Right now I’m packing for my trip to Japan tomorrow. I will be in Tokyo for 10 days, exploring and adventuring around with a photographer friend. It will be my second time visiting Tokyo (I went by myself for two weeks in 2008). Since I’ve been before, my to-do list this time is quite different from the last; I plowed through about three guidebooks worth of tourist attractions last time. With this trip, I am going to try and stay off the beaten path and explore parts of Tokyo I either missed or hadn’t heard about yet.
I’ll also be focusing a lot more on my photography. I was shooting from the hip with my D40 two years ago (gallery) — this time I’ll take a little more care and consideration with my shots. I’ll be carting the MKII with me everywhere and will be posting periodic pictures and travel updates. My Twitter should also be fairly active with Tokyo related musings.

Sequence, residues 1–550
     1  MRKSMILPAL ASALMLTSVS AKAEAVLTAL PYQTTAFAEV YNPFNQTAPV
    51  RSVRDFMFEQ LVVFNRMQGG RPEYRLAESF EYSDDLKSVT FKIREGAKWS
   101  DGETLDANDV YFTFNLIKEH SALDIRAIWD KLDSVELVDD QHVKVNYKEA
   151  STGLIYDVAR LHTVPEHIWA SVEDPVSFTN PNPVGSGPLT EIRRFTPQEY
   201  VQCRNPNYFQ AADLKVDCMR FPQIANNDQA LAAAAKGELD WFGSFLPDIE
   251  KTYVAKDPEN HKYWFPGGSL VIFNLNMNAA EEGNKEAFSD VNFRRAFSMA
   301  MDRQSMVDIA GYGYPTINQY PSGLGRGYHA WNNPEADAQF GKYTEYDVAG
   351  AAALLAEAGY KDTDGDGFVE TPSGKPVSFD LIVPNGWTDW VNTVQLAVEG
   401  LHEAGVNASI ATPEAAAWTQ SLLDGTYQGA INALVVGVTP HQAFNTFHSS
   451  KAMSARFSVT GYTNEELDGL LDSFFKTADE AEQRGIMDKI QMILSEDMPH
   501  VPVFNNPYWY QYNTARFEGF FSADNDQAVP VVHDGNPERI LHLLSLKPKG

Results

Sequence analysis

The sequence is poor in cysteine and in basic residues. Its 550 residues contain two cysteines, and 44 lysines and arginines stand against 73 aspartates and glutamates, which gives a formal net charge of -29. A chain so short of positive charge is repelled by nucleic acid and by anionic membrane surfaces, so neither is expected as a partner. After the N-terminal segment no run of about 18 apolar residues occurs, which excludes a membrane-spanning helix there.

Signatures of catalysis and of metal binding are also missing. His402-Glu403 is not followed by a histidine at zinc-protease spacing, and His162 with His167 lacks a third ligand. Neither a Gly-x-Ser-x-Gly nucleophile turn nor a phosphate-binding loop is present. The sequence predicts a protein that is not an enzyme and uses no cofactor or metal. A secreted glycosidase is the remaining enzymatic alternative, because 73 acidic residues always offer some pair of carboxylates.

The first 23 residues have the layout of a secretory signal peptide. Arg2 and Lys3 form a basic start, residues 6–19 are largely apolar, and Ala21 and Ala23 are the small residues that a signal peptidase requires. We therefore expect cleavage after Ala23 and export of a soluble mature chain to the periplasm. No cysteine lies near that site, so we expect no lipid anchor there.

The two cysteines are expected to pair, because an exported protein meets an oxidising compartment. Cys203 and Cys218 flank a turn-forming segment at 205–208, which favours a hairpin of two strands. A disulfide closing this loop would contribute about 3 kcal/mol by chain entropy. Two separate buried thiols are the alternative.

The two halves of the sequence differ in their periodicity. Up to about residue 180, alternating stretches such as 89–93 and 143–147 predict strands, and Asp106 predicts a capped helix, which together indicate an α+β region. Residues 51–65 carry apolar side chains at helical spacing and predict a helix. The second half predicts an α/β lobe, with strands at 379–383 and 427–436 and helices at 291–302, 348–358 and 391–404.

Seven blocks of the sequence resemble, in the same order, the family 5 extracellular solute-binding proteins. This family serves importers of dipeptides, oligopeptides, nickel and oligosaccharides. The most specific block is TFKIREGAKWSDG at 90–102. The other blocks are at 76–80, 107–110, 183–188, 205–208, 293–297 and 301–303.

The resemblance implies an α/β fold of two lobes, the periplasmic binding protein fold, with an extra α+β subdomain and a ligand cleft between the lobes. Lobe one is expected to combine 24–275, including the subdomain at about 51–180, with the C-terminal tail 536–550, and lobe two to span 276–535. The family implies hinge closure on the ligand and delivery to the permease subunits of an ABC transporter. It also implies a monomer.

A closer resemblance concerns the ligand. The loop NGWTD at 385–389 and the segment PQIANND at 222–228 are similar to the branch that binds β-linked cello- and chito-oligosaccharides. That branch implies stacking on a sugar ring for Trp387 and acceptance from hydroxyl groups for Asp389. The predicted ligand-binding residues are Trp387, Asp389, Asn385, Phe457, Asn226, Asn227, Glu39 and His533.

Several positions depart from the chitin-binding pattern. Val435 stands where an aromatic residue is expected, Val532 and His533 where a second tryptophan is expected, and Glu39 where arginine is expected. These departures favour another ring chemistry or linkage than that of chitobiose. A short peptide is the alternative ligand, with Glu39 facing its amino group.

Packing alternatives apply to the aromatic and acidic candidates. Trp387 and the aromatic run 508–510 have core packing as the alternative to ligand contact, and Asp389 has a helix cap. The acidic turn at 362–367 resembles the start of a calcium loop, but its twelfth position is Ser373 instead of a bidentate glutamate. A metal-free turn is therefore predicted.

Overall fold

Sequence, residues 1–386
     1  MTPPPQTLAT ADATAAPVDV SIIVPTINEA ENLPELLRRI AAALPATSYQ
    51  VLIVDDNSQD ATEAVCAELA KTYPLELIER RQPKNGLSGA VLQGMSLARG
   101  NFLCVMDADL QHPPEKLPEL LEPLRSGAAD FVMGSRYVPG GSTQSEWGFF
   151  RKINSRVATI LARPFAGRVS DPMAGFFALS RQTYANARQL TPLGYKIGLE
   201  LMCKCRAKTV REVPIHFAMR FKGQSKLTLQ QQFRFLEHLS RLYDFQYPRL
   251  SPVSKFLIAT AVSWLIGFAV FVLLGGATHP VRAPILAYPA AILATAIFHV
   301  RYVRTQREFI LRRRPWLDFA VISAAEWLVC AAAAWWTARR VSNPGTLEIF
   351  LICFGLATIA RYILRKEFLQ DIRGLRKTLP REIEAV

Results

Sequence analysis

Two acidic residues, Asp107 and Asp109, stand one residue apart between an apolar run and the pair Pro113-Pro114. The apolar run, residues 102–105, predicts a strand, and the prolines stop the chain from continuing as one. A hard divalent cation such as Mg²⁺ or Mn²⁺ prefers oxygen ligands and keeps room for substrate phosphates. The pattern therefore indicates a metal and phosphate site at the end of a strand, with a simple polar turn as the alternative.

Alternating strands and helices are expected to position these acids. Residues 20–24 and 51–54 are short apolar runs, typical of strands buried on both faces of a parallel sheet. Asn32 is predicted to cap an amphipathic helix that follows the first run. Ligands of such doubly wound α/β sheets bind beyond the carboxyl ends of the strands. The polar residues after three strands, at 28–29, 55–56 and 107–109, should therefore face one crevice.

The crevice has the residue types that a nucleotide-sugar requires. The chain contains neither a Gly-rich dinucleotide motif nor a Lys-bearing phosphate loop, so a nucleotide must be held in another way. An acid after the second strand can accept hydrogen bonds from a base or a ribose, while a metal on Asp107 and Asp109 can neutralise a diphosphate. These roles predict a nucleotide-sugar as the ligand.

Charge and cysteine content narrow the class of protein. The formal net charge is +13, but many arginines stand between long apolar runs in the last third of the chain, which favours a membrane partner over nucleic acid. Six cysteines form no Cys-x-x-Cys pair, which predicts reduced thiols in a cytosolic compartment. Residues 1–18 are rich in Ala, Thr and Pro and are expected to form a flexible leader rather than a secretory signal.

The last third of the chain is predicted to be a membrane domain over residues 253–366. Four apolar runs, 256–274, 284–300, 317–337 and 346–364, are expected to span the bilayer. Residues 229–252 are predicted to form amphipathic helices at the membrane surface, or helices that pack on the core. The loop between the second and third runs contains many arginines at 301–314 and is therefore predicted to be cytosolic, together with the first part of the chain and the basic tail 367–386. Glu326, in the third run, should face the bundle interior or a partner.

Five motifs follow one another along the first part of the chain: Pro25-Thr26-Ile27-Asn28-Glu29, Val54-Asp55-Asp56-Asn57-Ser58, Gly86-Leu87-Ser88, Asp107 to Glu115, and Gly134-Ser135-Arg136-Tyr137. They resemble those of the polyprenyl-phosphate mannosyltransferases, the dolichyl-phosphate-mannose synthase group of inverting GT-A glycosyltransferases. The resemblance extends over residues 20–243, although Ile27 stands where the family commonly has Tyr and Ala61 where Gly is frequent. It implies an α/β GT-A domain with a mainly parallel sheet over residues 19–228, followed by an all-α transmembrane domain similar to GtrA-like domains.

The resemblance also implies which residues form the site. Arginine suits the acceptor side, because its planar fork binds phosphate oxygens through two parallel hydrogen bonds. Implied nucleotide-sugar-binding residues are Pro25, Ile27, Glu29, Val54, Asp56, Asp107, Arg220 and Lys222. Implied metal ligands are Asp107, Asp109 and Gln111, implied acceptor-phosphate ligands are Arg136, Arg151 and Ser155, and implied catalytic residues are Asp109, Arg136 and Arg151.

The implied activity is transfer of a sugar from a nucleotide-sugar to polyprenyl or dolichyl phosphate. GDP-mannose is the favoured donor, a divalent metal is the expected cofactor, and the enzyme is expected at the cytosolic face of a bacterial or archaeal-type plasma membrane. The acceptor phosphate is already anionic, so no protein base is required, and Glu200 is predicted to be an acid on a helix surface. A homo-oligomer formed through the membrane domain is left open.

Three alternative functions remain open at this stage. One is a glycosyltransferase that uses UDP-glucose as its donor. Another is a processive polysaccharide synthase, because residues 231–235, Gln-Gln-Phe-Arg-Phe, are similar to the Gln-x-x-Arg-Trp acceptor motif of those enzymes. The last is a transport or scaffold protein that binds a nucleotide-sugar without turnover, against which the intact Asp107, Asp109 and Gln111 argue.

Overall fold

I’ll definitely be on the lookout for all sorts of design related artifcats and thingamabobs. If anyone has any Tokyo recommendations along these lines, I am all ears.
These reconfigured typewriters are by Tauba Auerbach. Olivettis looks awesome to begin with, so these souped-up specimens take it to the next level. I can’t make sense of the altered readouts of these machines, but apparently there is a system at work:
Auerbach often bases her work on these sorts of solvable codes or systems. In one of her works, a series of reconfigured typewriters, she alters the keys so that their letters and symbols no longer correspond to what appears on the paper. The typewriters are painted with clues to the logic of their new operating systems; once each code is cracked, the machine becomes functional again.Link
I was really taken by this poster by Jason Hill. All of the elements are appealing to me; the type, the illustration style, and even the words chosen. I would imagine anything held at the “MonOrchid gallery” must be kind of awesome to live up to such a sexy name. I wasn’t familiar with Jason’s work previously, but he has some really interesting pieces in his portfolio. His Dreamscape series is pretty rad.